The following is adapted from an article titled 'WORLD APART: A Visit to His Majesty's Prison at "Boggo Road"' by Myles Rutherford in the Telegraph, January 1937.
'PRISON walls, always seemingly grim in their appearance, have no place in the plans of any one of use, while so much as a thought of being behind them causes an involuntary shudder. With feelings such as these it can be said any prison is approached. Once within these walls however, things are to be found which are more or less beyond the conception of those outside, and those same grim brick t walls shut from inquisitive eyes, the activities of another little world, well controlled and smoothly running.
A RAP on the steel doors, with but a small movable circle of glass breaking their massiveness; a short wait, then the appearance of a warder's face at the "panel"; some explanatory words as to who you are and what your business is, then the face disappears; another short wait, then the v. warder returns, the rattling of a lock precedes the opening of the door, and at a word from him two steps are taken and the door clangs shut once more; but this time from behind. Thus admission has been gained to His Majesty's Prison, Boggo Road, a little world all its own.
Yes, entry has been gained to Boggo Road Gaol, and as it happens not merely to that division, in which one finds the 'small fry," those who are in for short periods and are in and out like outdoor-patients at a hospital. But the excursion ahead covers No. 2 division, where-in are the long sentence men serving from 18 months to life sentences. To realise that here are men with deeds of violence, treachery, cunning, fraud, and perhaps, some through circumstances which were not all their own making, causes this visit to be attended by feelings not a little mixed and heartbeats, which are a little quicker, than normal.
Immediately it is well for ones conscience to realise that the old belief, long implanted by popular films and novels, of convicts wearing an outfit with a generous supply of "broad arrows" has to be cast aside. Maybe such are the rules existing in other countries, but to some Australian prisons, and certainly Boggo Road, this is not the case. Instead each man has white mole-skin trousers, grey diagonal tweed coat, blue striped Scotch twill shirt, black boots or moleskin topped shoes and cabbage tree hat.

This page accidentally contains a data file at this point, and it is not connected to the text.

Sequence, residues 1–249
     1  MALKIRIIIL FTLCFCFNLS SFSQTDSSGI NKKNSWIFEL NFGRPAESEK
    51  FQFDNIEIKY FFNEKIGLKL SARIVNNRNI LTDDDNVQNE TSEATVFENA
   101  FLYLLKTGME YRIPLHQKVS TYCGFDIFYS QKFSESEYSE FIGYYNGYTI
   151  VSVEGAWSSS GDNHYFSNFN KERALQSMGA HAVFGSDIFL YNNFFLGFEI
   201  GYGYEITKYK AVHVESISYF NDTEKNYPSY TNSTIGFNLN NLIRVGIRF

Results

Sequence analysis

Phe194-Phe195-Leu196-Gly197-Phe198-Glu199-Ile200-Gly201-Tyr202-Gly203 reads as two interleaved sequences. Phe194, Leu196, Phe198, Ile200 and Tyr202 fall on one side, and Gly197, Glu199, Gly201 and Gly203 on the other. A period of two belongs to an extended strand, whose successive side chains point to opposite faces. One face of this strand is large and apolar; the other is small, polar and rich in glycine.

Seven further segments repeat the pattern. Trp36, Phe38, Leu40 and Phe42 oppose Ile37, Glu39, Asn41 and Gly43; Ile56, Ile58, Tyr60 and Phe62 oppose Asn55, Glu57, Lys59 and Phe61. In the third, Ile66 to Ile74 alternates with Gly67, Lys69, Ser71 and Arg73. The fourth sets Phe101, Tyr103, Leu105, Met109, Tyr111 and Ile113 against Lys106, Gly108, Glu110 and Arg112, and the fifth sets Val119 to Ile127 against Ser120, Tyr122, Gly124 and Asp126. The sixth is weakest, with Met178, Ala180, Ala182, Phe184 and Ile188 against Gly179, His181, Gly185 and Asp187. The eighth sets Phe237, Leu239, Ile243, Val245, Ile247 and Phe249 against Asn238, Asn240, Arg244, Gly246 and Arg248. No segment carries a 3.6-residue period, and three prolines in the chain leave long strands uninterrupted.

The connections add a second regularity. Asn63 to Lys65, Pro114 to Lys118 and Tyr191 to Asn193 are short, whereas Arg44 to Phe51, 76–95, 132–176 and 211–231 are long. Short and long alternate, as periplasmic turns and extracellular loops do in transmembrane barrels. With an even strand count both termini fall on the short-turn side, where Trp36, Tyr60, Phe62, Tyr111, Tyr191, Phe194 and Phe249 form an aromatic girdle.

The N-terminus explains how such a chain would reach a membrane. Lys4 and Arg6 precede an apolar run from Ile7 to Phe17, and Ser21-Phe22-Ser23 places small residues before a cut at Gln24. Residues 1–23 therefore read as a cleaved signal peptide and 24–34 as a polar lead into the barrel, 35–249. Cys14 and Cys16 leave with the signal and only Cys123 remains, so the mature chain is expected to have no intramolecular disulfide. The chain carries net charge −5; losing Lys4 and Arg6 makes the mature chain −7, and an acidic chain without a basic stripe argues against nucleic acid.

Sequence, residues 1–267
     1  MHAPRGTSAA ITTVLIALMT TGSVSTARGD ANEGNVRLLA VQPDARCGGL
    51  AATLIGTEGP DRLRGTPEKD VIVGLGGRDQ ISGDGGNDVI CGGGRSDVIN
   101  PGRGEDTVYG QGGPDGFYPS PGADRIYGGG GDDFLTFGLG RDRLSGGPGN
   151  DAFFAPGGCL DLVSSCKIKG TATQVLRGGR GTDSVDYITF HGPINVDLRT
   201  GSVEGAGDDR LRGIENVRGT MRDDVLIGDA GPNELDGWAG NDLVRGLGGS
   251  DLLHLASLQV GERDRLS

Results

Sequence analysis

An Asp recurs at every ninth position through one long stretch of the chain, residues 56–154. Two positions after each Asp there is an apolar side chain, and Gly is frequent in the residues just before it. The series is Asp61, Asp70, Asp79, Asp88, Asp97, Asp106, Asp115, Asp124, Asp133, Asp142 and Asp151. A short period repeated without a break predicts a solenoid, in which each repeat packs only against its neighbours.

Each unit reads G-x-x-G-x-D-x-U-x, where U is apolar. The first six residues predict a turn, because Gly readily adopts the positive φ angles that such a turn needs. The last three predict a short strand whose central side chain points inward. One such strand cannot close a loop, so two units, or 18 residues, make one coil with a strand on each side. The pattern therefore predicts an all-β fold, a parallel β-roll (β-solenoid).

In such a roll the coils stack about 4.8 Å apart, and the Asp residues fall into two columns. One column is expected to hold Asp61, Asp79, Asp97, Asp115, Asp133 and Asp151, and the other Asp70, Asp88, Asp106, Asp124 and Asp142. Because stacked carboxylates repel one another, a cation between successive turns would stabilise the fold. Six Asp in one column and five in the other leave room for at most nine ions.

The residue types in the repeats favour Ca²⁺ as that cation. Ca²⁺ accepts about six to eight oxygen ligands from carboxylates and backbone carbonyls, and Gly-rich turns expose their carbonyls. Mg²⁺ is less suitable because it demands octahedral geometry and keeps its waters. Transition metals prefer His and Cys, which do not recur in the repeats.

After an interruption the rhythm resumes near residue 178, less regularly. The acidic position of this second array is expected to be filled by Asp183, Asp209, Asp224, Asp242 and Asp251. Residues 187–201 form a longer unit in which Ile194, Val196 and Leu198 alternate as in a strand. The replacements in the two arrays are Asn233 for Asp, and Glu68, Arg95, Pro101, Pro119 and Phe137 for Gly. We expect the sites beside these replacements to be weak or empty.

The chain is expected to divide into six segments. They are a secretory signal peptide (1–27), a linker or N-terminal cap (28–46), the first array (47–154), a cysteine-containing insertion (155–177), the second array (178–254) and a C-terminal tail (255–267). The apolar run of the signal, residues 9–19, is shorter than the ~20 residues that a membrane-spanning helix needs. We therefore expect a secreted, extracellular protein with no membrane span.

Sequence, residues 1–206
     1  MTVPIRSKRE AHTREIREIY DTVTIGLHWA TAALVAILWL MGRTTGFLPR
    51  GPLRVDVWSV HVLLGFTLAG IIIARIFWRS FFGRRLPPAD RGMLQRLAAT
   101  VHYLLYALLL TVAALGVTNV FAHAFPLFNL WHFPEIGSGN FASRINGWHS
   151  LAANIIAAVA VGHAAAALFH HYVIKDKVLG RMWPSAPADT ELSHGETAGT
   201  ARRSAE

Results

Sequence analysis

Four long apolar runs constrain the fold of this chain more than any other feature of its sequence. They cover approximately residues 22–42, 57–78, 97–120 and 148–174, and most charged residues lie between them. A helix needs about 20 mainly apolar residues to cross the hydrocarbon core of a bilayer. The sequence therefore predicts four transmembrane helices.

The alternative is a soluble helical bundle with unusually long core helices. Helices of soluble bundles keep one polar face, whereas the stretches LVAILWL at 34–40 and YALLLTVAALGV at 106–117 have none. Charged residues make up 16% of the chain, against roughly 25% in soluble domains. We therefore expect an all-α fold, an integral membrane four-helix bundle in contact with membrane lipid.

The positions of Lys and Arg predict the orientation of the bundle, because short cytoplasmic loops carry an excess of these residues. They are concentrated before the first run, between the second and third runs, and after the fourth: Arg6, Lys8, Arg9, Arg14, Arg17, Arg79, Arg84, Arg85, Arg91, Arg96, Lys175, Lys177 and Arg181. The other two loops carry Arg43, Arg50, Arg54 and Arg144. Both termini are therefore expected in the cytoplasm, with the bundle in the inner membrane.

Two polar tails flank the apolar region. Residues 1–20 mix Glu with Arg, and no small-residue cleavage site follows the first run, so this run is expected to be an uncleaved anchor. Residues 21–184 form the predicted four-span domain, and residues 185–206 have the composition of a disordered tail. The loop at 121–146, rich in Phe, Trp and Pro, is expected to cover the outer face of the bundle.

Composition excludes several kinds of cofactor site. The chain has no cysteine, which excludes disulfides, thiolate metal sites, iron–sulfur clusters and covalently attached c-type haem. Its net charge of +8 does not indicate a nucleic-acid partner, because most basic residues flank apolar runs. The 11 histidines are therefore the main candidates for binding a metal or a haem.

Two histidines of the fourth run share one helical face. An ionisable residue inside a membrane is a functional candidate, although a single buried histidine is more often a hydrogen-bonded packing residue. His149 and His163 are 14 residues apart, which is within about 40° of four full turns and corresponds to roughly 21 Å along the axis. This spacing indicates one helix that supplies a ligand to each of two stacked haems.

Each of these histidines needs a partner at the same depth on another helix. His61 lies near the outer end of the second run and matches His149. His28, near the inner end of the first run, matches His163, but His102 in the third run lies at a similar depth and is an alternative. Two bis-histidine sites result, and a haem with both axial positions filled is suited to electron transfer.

The most cursory glance when once within the gaol precincts reveals several tall brick buildings, and around these neat green grassed lawns and flower plots, the whole surrounded by the prison walls. All bespeak the neat and tidy arrangement that might be expected at any proud householder's residence. It is with this enlightened feeling of mind that a further "step" is made into the unknown and an inspection carried out of the wings, D, E, and F, better known as the cells.
The opening of any one of the steel doors, not grids, as well remembered in films, in the two long rows, which run lengthways of the buildings on each of three stories, tells a story most refreshing. The interior of the cells is spick and span and is a credit to both officials and the prisoners.
But more outstanding than even this cleanliness is the evidence, which presents itself to the eye, in the efforts of the inmates to remove any look appertaining to drabness of the interior. A great number of the men have their cells looking most attractive and to say this, is not merely allowing a careless throwing of "bouquets." Some for instance have a picture gallery, which contains photos of leading cricketers, including Walter Hammond (Don Bradman was not noticed), some magazine souvenir pictures of other personalities, of which King George VI. is prominent, and also finishes of prominent rowing events in the south.